Set up initially as an intergovernmental forum to promote cooperation among Arctic states, the Council is failing to adequately accommodate rising interest from outside the region and needs reform, argues, Roderick Kefferpütz.
Roderick Kefferpütz is a Political Advisor at the European Parliament and an Associate at the Stiftung Neue Verantwortung in Berlin.
The views expressed are the sole responsibility of the author and do not necessarily reflect the views of the European Parliament.
The Arctic Council is under increasing pressure. Set up as an intergovernmental forum to promote cooperation among Arctic states, the Council is failing to adequately accommodate rising interest from outside the region. As a result, it is no longer the only Arctic forum in town. On 15 April, the President of Iceland, Ólafur Grímsson, proudly announced the official launch of a new forum: the Arctic Circle.
In the last decade, interest in the High North has surged beyond the traditional Arctic coastal states. South Korea is busy building icebreakers, China is stepping up its polar research efforts and the European Union published its first Arctic strategy in 2008. It is unsurprising that more actors are looking north. The receding ice, which melted to its lowest level on record last year, will render accessible huge deposits of hitherto untouched resources and open up new commercial sea lanes. Concurrently, the melting ice cap is endangering international environmental stability and contributing to a dramatic rise in sea levels, threatening the security of non-Arctic states such as Bangladesh. The Arctic has become more than just a narrow regional issue.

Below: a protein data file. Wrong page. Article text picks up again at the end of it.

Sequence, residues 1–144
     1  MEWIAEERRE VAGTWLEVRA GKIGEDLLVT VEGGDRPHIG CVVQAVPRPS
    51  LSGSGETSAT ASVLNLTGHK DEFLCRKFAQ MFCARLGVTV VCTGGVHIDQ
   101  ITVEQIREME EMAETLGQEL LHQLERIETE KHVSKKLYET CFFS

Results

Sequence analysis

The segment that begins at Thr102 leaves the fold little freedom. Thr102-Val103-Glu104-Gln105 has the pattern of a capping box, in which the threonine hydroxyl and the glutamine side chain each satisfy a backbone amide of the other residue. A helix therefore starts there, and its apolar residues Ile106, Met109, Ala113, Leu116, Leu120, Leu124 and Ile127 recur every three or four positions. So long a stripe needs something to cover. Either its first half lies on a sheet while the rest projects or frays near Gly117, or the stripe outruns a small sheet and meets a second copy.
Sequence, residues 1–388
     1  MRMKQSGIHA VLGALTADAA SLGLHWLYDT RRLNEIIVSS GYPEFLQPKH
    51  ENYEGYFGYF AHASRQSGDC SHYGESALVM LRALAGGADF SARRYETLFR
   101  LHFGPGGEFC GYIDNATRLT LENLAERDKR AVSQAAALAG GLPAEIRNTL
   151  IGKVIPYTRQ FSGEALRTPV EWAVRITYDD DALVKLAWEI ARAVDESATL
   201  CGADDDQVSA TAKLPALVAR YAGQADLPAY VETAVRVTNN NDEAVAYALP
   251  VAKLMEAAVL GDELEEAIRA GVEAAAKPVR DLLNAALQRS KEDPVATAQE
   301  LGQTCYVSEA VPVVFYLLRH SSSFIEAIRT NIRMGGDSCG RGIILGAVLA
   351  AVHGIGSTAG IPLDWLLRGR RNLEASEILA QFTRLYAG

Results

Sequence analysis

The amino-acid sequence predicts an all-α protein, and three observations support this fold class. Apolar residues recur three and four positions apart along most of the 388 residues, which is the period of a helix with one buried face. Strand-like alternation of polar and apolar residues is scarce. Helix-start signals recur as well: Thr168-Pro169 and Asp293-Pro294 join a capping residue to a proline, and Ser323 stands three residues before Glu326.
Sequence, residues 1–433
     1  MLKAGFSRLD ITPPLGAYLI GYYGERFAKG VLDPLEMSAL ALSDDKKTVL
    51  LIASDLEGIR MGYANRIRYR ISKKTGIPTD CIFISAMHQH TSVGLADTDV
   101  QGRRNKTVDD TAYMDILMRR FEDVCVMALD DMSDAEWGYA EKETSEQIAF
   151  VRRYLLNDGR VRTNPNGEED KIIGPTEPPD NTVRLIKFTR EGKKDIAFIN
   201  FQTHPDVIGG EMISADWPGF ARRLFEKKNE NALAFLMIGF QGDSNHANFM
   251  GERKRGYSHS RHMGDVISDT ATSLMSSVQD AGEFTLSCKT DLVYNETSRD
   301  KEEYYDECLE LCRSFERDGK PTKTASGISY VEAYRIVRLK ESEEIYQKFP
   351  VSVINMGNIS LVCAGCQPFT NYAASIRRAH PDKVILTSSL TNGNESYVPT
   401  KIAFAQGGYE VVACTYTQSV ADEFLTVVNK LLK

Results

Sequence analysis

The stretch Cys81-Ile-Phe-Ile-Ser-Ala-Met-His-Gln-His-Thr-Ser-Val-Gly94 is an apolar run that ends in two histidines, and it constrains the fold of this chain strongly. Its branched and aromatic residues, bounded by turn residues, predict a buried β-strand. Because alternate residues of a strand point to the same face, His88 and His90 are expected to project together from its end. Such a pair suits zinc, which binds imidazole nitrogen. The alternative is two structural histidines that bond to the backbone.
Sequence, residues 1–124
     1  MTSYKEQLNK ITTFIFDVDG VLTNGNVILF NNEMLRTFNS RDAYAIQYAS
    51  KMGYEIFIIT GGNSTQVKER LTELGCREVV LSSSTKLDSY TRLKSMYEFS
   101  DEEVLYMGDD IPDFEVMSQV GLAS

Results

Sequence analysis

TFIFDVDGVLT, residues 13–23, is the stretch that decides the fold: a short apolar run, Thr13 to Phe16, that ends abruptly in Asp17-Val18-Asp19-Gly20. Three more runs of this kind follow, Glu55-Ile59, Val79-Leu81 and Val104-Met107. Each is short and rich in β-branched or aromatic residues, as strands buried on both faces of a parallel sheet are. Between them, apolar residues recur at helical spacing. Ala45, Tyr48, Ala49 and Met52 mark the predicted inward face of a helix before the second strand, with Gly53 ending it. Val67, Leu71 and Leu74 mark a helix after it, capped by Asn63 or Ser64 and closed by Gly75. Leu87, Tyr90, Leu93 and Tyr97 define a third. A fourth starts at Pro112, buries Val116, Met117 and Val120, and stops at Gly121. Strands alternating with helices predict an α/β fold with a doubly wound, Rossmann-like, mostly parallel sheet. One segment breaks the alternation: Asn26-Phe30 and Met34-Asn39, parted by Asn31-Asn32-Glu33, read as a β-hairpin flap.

As such, a range of actors have put forward their candidacy for observer status at the Arctic Council: in total, fourteen countries and organisations are currently applying. These include, for example, India, Japan and the European Union – but also Greenpeace and the Association of Oil and Gas Producers.
The Arctic Council, however, has largely regarded these applications with apprehension. At its 2009 meeting in Tromsø it preliminarily rejected full observer status for China, South Korea and the EU while in 2011 it published its Nuuk Observer Rules which have created more onerous criteria for observer status. These moves have helped create a vacuum that is now being filled by the Arctic Circle.
In contrast to the Arctic Council, the Arctic Circle will be open to any country or organisation that wishes to participate. (France and Google have supposedly already expressed their interest.) It will be a global forum for debate on Arctic issues – something akin to a Davos gathering for the High North – with its inaugural conference taking place this October in Reykjavik. This new forum will be a clear signal from those countries and organisations so far excluded from the Arctic Council that there are also alternative ways to discuss Arctic issues and advance their own Arctic interests.
This new initiative – which President Grímsson announced together with his support for China’s observer status at the Arctic Council – can play into the hands of Arctic Council members such as Finland and Iceland that wish to put the Council on a more open and inclusive path. It puts the spotlight on the upcoming Arctic Council ministerial meeting in May, at which a decision on the applications for observer status is expected. This raises the political stakes.
Opponents of a more integrative Council such as Canada should not see the Arctic Circle as a short-term expedient place to offload the Council’s observer applications and reject their candidacies. Instead, the Arctic Circle should act as a wake-up call that increased international dialogue on the Arctic is needed.
Having been established in the last decade of the twentieth century, the Arctic Council has for too long looked at the region with distrust and apprehension, living by the Inuit proverb that you never really know your friends from your enemies until the ice breaks.
Until we get to that point, governance structures need to be up to scratch and a constructive and appropriate dialogue between Arctic and non-Arctic actors needs to be established. The Arctic Circle is going in that direction. It’s time for the High North’s foremost governance structure, the Arctic Council, to follow suit.